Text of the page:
And, he continues, “Our sexuality, in a sense, touches everything we do, including the way that we love…. So to call a person’s sexuality ‘objectively disordered’ is to tell that person that all of his or her love, even the most chaste, is disordered. That seems unnecessarily cruel.”14 

 

In Freud’s Shadow

Here one sees Sigmund Freud’s shadow, with his theory that man is dominated and led by his sexual instinct: “Our sexuality, in a sense, touches everything we do…

However, what defines the human person is not sexuality but rationality and behavior according to the divine laws expressed in human nature. Instincts, including that of procreation, are only part of human nature, not its directive element. Unlike animals, which act blindly, impelled by instincts, thanks to his intellect and free will, man can dominate and guide his impulses, especially when he asks for the help of grace. God never refuses to listen to a “contrite and humbled heart” (Ps. 50:19).

Human love, though it has a procreative sexual dimension within marriage, is not rooted in that dimension but in a spiritual and affective affinity.

 

Homosexuality: a “Gift” for the Church?

Once one accepts the premise that God made homosexuals with their unnatural deviation and that this gives them a “redeeming” aspect, the logical conclusion is that homosexuals and “transgenders” should be seen as privileged members of the Church.

Father Martin explains: “LGBT Catholics bring unique gifts to the church—both as individuals and as a community. These gifts build up the church in special ways, as St. Paul wrote when he compared the People of God to a human body (1 Corinthians 12:12-27).”15 

In the referenced passage, the Apostle is referring to the Mystical Body of Christ—the Church. It is a holy Body, to which those who have lost sanctifying grace through mortal sin do not belong. Although they continue being members of the Church, they are dead and dry branches that if they do not convert will be cut off and cast into the everlasting fire of Hell (cf. John 15:6).

Father Martin claims that homosexuals and so-called transgenders “build up the church” imply that he considers them to be in the state of grace and therefore living members of the Body of Christ. Moreover, he says that “these gifts” (homosexuality, lesbianism, “transgenderism”) “build up the church in special ways.” In other words, theirs is a privileged contribution, and the Church would somehow be less developed without their sins against nature!

 

Two Cardinals, a Bishop, and… Sister Gramick

Unfortunately, Father Martin’s deplorable efforts to change Church perennial moral teaching on the grave sinfulness of homosexual acts find wide acceptance among fellow Jesuits and in sectors of the Catholic hierarchy and clergy. In fact, two American bishops who were recently made cardinals by Pope Francis—Kevin Cardinal Farrell, Prefect of the Vatican Dicastery for Laity, Family and Life, and Joseph Cardinal Tobin, Archbishop of Newark—along with Bishop Robert W. McElroy of San Diego and Sister Jeannine Gramick wrote rave reviews for Father Martin’s book.

 

Who Is the True Friend?

Father Martin presents himself as a great friend of homosexuals and “transgenders.” In reality, he is their enemy, for instead of seeking to remove them from the sin in which they objectively find themselves—as would be required by his priestly duty and by Christian charity—he works to convince them that they are in the friendship of God.Defending a Higher Law: Why We Must Resist Same Sex “Marriage” and the Homosexual Movement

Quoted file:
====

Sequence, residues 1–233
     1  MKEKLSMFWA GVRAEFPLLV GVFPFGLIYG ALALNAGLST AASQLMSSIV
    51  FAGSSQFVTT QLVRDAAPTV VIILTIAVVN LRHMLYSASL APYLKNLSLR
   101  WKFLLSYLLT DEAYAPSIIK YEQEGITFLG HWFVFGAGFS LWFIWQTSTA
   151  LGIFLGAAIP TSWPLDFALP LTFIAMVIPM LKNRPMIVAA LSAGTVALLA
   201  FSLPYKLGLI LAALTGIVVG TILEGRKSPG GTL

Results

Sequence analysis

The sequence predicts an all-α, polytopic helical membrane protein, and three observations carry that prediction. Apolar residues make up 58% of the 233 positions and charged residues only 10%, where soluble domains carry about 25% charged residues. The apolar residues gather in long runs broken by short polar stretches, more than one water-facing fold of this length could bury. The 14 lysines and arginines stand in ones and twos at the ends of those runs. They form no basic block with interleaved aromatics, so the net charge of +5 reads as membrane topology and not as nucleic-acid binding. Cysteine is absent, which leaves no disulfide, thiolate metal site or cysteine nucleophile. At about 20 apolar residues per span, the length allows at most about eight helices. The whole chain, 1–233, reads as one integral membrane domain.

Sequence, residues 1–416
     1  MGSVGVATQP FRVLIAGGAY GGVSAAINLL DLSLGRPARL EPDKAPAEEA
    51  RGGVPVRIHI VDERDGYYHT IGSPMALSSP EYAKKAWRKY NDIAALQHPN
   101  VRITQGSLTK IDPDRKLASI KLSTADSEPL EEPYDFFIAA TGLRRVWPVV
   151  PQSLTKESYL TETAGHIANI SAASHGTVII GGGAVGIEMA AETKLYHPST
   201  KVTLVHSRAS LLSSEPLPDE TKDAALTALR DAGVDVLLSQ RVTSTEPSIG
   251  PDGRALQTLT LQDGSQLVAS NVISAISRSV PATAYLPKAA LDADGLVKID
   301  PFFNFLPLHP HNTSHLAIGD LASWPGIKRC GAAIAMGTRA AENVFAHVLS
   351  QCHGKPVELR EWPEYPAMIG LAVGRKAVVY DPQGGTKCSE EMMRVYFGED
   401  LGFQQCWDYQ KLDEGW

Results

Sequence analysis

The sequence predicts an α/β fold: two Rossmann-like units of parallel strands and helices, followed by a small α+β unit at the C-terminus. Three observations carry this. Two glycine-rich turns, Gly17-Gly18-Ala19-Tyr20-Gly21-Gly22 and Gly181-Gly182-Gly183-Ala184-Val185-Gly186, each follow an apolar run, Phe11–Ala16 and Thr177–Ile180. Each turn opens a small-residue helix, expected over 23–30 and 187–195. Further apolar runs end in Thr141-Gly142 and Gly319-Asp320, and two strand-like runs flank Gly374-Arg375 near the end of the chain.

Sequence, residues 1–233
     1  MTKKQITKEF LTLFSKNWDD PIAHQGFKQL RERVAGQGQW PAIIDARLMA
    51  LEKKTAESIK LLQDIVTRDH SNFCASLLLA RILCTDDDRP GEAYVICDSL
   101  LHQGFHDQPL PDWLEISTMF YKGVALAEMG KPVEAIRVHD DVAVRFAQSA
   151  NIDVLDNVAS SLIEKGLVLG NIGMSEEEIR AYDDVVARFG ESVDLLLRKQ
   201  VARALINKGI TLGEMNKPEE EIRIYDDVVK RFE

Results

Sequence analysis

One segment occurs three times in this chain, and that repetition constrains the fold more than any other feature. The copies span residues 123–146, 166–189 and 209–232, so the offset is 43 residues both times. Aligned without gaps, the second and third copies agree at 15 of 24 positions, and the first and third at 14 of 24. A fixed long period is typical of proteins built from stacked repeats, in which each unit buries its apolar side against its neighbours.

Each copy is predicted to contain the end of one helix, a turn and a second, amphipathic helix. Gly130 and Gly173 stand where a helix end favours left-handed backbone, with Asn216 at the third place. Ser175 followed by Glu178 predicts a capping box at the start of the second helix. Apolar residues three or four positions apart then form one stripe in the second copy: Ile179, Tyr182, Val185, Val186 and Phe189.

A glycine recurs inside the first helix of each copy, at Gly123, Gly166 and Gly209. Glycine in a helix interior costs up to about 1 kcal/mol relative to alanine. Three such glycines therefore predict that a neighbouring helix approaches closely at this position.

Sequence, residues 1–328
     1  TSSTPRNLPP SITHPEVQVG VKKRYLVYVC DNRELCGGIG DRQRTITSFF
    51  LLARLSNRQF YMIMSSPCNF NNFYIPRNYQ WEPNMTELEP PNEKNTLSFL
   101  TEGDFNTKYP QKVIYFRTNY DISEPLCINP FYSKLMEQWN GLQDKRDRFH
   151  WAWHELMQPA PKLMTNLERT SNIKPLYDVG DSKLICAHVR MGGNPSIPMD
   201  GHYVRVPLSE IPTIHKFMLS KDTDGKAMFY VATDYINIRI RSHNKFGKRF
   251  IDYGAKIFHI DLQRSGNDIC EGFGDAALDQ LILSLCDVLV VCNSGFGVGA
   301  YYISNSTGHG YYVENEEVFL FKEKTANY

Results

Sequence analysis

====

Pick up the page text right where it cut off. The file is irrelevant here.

True friendship and charity toward those who are in sin or in danger of falling into sin consist in helping them to give up vice or overcome temptation.

While everything must be done to help sinners, this cannot include helping them sin or remain in vice. Given human frailty, a sinner deserves pity and compassion. However, vice and sin themsleves must be excluded from this compassion, since sin can never be the proper object of compassion. When a misguided pity leads to supplying the sinner with the means of remaining attached to his vice, this assistance, be it material or moral, actually helps to keep the sinner chained to his evil ways.

Such action helps vice, not the person. Despite good intentions, the action is harmful. True compassion leads a sinner away from vice and back to virtue.

In short, according to the famous expression attributed to Saint Augustine, we “hate the sin but love the sinner.”16 And to love the sinner, as the same Doctor of the Church explains, is wishing for him the best we can possibly desire for ourselves, namely, “that he may love God with a perfect affection.”17 

In his book, Father Martin distorts the clear principles of Christian morality and natural law concerning the sins that led to God’s destruction of Sodom and Gomorrah. He confuses Catholics and reinforces in unnatural vice those who unfortunately have fallen into it. His book is, therefore, unacceptable.

 


 

Taking a Principled not a Personal Stand

As practicing Catholics, we are filled with compassion and pray for those who struggle against violent temptation to sin, be it toward homosexual sin or otherwise.

We are conscious of the enormous difference between these individuals who struggle with their weaknesses and strive to overcome them and others who transform their sin into a reason for pride, and try to impose their lifestyle on society as a whole, in flagrant opposition to traditional Christian morality and natural law. However, we pray for them too.

According to the expression attributed to Saint Augustine, we “hate the sin but love the sinner.” And to love the sinner, as the same Doctor of the Church explains, is to wish for him the best we can possibly desire for ourselves, namely, “that he may love God with a perfect affection.” (St. Augustine, Of the Morals of the Catholic Church, No. 49, www.newadvent.org/fathers/1401.htm)

  


Footnotes